Crisis in Chinese also means opportunity, the chance to seize the day or go down with the ship. For me, it means several well-timed meals in Chinatown, a foodie neighborhood I have been researching for years. Over a two day stint, that means four breakfast spots, four lunches and a couple of early dinners.

In the mornings I headed to Mei Lai Wah, that bastion of a coffee shop known for their pork buns. They come baked or steamed and are exquisite, fluffy, a bit sweet and savory. Only great discipline can prevent you from ordering more. Several other bakeries provide arrays of eggs with croissants, pork bun variations, coconut pastries and shumai. The quality is fairly even, so form your own alliances according to service. The excellent dumpling house is a sure-fire way to unload your Washingtons, testing economic theory that there is no more bang for your buck. One dollar yields five pan fried dumplings or four juicy buns. What a bargain! There’s no time for dim sum, otherwise I would be firmly planted at Tai Hong Lau (70 Mott St.).

For lunch, the sky is the limit. Though Chinatown holds its perils, and the wrong turn can yield an unforgettably bad meal. Understand also that chefs come and go as quickly as the moon tides. Some family run businesses will actually close if they can’t keep a chef from within the family.

I headed over to Big Wong on Mott street for a roast meat sampler. Roast duck, roast pork, and chicken with ginger usually does the trick. I follow this up with fresh shrimp crepes and barbecued spare ribs. Big Wong stands for the tremendously phallic donuts they serve which are more novelty than nutrition.

I love to top off lunch with a bowl of soup, not the run of the mill wonton, egg drop, or sweet and sour kind either. Several shops are dedicated to soups with choice of noodle, dumpling, won ton, and roast meat which can adorn a healthy bowl of Chinese goodness. Judge a soup by its broth first. It should be translucent like a consommé, full of chicken stock flavor ready to be slurped from the bowl. The rest of the ingredients are up to you, as I have rarely not enjoyed the dumplings, or the noodles, or the roast meats.

Later that day I was released early. Before my next appointment, I headed over to Grand Sichuan for a spicy double pork lunch special, sliced, tender pork and scallions heaped on top of fiery Szechuan peppercorns, easily one of my favorite dishes in all of Chinatown. I whet my appetite with the won tons in hot oil in preparation for a meal of true grit and ecstasy.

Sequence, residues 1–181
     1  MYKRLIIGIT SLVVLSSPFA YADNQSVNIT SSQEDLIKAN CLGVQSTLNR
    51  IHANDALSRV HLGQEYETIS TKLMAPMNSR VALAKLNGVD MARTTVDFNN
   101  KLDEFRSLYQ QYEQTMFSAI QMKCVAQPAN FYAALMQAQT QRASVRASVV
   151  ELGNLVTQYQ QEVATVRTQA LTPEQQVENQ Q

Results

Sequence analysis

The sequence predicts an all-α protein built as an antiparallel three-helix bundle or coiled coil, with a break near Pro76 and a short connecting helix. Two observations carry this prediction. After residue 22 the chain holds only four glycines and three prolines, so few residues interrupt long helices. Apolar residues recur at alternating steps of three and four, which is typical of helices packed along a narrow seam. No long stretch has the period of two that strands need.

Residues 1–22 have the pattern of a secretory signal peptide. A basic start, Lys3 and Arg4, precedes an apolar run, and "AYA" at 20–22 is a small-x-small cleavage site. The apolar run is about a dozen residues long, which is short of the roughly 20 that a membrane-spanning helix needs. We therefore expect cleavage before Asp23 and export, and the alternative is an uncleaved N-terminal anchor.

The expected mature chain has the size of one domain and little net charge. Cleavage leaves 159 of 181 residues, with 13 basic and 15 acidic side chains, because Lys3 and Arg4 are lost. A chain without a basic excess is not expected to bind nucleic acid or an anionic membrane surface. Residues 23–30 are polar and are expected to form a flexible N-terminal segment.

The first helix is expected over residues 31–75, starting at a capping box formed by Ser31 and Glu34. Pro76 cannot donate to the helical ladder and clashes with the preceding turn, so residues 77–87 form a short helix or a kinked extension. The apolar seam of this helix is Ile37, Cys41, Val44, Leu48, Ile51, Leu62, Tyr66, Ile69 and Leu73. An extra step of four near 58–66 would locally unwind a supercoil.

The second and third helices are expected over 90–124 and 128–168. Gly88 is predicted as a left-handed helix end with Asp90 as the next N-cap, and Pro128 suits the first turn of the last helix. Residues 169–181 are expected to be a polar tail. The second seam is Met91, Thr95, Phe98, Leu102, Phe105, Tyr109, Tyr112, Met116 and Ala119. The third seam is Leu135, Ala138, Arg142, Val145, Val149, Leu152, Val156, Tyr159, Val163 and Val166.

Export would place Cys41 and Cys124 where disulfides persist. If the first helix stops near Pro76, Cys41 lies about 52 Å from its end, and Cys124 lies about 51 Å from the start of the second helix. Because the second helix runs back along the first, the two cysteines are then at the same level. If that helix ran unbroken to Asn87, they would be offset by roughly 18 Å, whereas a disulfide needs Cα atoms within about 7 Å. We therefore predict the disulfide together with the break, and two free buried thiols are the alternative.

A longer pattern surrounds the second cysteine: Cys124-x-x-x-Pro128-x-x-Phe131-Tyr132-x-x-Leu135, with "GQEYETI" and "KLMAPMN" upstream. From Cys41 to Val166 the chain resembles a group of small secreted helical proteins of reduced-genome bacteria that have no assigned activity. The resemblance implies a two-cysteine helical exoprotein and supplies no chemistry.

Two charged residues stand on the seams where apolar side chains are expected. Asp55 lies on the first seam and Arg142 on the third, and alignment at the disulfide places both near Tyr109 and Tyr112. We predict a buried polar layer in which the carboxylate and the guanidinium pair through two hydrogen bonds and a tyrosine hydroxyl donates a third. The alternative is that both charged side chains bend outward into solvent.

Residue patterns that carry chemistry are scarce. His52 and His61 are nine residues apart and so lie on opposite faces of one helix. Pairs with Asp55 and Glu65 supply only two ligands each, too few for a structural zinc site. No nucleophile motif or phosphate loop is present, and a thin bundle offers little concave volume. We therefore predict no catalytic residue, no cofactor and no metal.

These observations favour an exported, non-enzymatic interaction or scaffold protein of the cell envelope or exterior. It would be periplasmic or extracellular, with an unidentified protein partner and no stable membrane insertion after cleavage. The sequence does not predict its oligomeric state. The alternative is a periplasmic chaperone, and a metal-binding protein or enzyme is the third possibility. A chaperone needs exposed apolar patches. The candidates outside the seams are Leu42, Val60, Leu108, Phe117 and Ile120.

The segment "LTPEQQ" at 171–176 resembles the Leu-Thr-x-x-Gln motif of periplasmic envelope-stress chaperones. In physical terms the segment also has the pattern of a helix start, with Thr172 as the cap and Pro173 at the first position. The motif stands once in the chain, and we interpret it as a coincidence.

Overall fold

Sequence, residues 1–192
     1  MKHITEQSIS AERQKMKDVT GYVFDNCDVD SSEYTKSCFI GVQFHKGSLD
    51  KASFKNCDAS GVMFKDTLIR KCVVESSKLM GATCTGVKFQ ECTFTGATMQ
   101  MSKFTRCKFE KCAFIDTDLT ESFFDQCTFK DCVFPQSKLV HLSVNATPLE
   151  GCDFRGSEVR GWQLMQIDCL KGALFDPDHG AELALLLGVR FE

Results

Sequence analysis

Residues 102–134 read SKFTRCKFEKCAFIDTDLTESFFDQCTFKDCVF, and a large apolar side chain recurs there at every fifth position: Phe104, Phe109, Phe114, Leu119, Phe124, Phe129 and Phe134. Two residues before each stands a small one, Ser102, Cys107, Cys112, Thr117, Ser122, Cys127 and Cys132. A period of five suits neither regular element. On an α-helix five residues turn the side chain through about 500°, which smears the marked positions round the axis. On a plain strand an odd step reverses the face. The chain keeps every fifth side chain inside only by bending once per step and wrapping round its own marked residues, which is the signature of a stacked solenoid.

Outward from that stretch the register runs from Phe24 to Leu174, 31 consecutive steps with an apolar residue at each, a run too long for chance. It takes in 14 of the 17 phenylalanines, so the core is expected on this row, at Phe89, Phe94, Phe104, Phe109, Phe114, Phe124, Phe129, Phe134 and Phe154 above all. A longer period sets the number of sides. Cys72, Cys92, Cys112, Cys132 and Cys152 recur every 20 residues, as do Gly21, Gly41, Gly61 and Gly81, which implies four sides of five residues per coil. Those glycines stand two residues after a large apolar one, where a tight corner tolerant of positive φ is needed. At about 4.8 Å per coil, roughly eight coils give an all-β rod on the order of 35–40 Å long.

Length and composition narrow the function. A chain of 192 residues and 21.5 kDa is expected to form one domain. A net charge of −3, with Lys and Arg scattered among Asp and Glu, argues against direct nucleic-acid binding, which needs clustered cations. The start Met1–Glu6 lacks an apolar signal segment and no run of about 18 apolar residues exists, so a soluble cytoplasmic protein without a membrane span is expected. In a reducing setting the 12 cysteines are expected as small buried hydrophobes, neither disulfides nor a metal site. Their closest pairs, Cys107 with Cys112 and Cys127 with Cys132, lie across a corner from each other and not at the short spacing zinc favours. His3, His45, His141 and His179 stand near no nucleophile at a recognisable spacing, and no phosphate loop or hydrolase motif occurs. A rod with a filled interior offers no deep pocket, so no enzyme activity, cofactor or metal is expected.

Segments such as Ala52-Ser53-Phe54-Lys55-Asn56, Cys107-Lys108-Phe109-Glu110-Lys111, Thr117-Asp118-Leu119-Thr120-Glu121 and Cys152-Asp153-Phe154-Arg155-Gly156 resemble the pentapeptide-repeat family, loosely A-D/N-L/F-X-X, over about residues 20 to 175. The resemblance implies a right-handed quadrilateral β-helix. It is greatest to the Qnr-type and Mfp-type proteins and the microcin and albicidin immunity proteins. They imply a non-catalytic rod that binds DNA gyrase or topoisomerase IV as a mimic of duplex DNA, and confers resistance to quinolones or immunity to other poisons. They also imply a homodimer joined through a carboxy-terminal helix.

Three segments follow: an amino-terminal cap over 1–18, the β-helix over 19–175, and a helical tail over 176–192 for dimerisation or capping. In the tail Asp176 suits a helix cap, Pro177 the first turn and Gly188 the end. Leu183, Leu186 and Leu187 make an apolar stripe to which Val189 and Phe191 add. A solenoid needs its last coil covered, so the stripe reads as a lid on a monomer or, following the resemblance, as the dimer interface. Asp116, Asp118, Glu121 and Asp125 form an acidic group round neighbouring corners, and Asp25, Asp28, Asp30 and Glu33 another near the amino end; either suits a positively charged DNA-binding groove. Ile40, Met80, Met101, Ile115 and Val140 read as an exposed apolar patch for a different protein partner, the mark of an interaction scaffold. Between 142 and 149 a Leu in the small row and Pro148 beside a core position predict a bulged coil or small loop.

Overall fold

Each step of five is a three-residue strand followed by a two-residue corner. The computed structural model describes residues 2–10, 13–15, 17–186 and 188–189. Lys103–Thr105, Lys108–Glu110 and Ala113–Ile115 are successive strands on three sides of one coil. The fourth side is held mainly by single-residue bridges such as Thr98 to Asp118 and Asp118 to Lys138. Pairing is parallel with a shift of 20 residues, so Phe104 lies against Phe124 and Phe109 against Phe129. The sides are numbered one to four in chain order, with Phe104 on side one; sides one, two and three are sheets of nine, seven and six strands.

The next day I replicated my breakfast routine, except that I supplemented my regimen with a coconut banana chocolate croissant from nearby Bouley Bakery, just for stark contrast. At lunch I dined at Chan Noodle, and excellent soup shop on Mulberry known for the fried rice. The fried rice with two sausages is the real deal, and because they’re in season, the soft shell crab was light, crispy, and ethereal. I ordered some soup dumplings at Joe’s Shanghai just because, and of course had an encore of the baked pork bun at Mei Lai Wah.

When I was ultimately released from service and handed a letter for proof like some sort of empty diploma, I contemplated the Peking Duck House for some great duck-filled tortillas, but was running late and had to forgo one last Chinatown sup.

Between siestas for those two marvelous days, visions of dumplings pranced in my head, and a note of sadness came over me as I left 111 Centre Street. It will be another six years before I perform my civic duty again, the crisis with the great foodie perks.

Sidewalk Affair

Weekends in New York become more European during the spring time. By that I mean restaurants and cafes offer outdoor seating so that New Yorkers may bask in the sun and people watch. In Europe, however, the outdoor cafes may face a beautifully lined architecturally notable street, or are perched on a hillside cliff, or dot the shores of a sandy beach. The effect is the subtle waft of a chalky ocean breeze, the aroma of lavender misting the hills, or a piece of industrial art posing as a building. In the big apple, these streets are few, since we have no beach or foothill, and the peril of dining between skyscrapers lies in noise pollution and the schmutz the taxi cabs brush in as they speed. Not to mention the preponderance of pooches sniffing your leg, or the rock pigeons swooping down for a morsel of your bialy.

Some neighborhoods are more civilized than others though, and often are home to proper outdoor spots for musing without having to wait on some ridiculous brunch queue. In Tribeca, I spent the afternoon at Bouley Bakery. This was not my plan, for I had a laundry list of things to do, as do most New Yorkers on a Saturday off. The plan included Chinatown for shopping, and on the weekends, if I time it right, I usually head there for dim sum. Alarm clock notwithstanding, I missed dim sum at 70 Mott Street (less variety the later you go), and settled for a pastry at Bouley Bakery. Although settled is the wrong word. I started with a harmless Neopolitan, stuffed with custard and raisins, but soon fell victim to my eyes. The apricot croissant was next, followed by a crisp, thin pizza, a pear & chocolate croissant, a croquet monsieur, and a coconut, banana & chocolate croissant to be washed (hosed) down by a large latte. Now, I was not alone, but my friends Dr. L. and Dr. Y. did nothing to discourage our “quick” snack before lunch. We sat outside passing the duchie on the left hand side and devoured. Gorged. We even went back for more.